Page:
Fatigues



[fuh-teeg] /fəˈtig/

noun
1.
weariness from bodily or mental exertion.
2.
a cause of weariness; slow ordeal; exertion:
the fatigue of driving for many hours.
3.
Physiology. temporary diminution of the irritability or functioning of organs, tissues, or cells after excessive exertion or stimulation.
4.
Civil Engineering. the weakening or breakdown of material subjected to stress, especially a repeated series of stresses.
5.
Also called fatigue duty. Military.

6.
fatigues, Military. .
adjective
7.
of or relating to fatigues or any clothing made to resemble them:
The guerrilla band wore fatigue pants and field jackets. She brought fatigue shorts to wear on the hike.
verb (used with object), fatigued, fatiguing.
8.
to weary with bodily or mental exertion; exhaust the strength of:
Endless chatter fatigues me.
9.
Civil Engineering. to subject (a material) to fatigue.
verb (used without object), fatigued, fatiguing.
10.
to become .
11.
Civil Engineering. (of a material) to undergo fatigue.
plural noun
1.
a soldier’s uniform for fatigue duty.
/fəˈtiːɡ/
noun
1.
physical or mental exhaustion due to exertion
2.
a tiring activity or effort
3.
(physiol) the temporary inability of an organ or part to respond to a stimulus because of overactivity
4.
the progressive cracking of a material subjected to alternating stresses, esp vibrations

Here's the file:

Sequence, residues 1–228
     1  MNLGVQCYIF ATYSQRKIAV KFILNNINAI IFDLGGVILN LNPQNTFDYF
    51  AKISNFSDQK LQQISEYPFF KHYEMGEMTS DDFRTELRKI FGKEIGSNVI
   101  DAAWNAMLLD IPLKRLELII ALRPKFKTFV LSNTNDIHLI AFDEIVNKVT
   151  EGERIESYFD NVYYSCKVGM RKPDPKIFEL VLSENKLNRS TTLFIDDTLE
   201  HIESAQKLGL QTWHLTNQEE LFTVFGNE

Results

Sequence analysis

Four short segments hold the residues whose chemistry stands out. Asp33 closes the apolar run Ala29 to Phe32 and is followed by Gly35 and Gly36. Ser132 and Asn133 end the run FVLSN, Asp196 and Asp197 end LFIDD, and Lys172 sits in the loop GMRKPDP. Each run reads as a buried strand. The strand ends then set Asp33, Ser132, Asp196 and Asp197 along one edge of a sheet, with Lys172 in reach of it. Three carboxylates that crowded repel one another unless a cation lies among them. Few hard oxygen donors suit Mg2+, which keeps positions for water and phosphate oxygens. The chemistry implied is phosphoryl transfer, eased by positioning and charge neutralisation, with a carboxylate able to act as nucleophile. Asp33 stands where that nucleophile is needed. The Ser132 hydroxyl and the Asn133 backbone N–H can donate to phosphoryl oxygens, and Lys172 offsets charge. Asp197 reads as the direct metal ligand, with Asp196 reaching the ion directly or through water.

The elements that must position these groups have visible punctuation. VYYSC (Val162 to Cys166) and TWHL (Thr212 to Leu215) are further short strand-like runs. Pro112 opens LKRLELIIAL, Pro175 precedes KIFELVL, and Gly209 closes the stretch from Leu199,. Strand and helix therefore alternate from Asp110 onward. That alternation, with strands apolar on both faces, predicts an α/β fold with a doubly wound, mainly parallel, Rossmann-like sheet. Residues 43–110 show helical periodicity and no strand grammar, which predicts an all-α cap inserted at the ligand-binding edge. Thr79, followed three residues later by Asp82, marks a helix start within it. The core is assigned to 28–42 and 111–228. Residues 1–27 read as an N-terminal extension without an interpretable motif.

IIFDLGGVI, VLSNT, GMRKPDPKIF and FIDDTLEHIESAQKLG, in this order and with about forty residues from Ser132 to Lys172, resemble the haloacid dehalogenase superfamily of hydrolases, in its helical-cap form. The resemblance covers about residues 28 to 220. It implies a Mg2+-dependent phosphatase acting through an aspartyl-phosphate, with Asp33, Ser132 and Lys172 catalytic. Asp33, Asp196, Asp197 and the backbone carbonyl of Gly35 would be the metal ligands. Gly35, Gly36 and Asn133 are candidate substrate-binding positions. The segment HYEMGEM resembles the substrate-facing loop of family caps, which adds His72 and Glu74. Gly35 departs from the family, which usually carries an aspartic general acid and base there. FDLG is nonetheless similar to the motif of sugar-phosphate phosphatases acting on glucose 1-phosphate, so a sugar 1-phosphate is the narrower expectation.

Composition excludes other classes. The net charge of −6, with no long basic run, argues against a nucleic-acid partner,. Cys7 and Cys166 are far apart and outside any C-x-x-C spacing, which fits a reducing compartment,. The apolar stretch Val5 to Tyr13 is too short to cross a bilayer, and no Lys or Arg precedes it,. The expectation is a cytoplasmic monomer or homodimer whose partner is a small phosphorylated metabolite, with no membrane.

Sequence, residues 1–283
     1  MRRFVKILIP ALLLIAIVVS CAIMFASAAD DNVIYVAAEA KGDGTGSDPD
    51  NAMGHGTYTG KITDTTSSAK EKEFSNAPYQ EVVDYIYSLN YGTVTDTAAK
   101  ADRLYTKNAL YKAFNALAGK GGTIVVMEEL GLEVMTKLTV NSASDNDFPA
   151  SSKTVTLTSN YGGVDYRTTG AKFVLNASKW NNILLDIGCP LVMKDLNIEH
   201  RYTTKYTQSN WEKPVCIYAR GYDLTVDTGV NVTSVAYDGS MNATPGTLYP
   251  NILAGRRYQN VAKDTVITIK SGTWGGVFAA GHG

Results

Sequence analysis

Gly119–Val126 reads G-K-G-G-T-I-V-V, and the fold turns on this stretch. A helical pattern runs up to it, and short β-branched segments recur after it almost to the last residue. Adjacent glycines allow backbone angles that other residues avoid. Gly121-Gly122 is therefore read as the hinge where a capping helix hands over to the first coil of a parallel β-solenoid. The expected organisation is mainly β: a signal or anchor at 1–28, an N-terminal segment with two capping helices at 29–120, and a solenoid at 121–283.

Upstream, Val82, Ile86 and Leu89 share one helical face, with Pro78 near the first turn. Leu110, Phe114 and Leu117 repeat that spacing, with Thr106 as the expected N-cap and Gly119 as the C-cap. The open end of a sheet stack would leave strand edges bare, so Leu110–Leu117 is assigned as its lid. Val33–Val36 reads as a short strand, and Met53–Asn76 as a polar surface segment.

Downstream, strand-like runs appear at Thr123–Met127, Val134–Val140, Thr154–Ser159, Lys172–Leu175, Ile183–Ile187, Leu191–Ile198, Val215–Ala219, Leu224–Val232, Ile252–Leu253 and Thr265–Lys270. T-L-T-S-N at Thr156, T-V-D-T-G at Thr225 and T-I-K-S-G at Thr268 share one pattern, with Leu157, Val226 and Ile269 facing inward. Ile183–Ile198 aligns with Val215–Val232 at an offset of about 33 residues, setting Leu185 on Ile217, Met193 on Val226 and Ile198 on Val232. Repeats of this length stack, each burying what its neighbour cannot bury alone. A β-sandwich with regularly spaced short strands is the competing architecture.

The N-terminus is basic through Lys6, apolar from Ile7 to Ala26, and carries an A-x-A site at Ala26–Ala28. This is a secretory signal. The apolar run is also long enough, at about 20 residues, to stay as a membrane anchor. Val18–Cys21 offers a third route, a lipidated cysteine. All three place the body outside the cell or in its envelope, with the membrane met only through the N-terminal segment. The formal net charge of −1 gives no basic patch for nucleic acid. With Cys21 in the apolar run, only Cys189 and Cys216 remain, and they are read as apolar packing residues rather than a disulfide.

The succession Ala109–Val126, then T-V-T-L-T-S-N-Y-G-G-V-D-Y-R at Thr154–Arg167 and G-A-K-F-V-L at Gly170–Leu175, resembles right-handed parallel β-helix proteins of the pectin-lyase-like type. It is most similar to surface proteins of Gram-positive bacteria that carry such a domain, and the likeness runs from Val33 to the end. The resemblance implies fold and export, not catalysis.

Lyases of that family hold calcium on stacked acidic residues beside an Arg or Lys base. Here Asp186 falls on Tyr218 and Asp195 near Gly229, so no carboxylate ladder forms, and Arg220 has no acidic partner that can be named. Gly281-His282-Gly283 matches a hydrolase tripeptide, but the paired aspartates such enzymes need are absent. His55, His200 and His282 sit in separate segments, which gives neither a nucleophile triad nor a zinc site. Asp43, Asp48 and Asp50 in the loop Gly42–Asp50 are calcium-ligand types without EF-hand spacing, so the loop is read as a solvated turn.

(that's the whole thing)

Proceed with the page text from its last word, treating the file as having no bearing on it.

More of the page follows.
5.
the temporary inability to respond to a situation or perform a function, because of overexposure or overactivity: compassion fatigue
6.

7.
(pl) special clothing worn by military personnel to carry out such duties
verb -tigues, -tiguing, -tigued
8.
to make or become weary or exhausted
9.
to crack or break (a material or part) by inducing fluctuating stresses in it, or (of a metal or part) to become weakened or fail as a result of fluctuating stresses
n.

“extra duties of a soldier,” 1776, from fatigue. As a military clothing outfit, from 1836, short for fatigue dress (1833).
n.

1660s, “that which causes weariness,” from French fatigue “weariness,” from fatiguer “to tire,” from Latin fatigare, originally “to cause to break down,” later, “to weary, fatigue, tire out,” from pre-Latin adj. *fati-agos “driving to the point of breakdown,” from Old Latin *fatis (of unknown origin, related to adv. affatim “sufficiently” and to fatisci “crack, split”) + root of agere “to drive” (see act (n.)). Meaning “weariness from exertion” is from 1719.
v.

1690s, from French fatiguer (15c.), from fatigue (see fatigue (n.). Earlier in same sense was fatigate (1530s). Related: Fatigued; fatiguing.

fatigue fa·tigue (fə-tēg’)
n.

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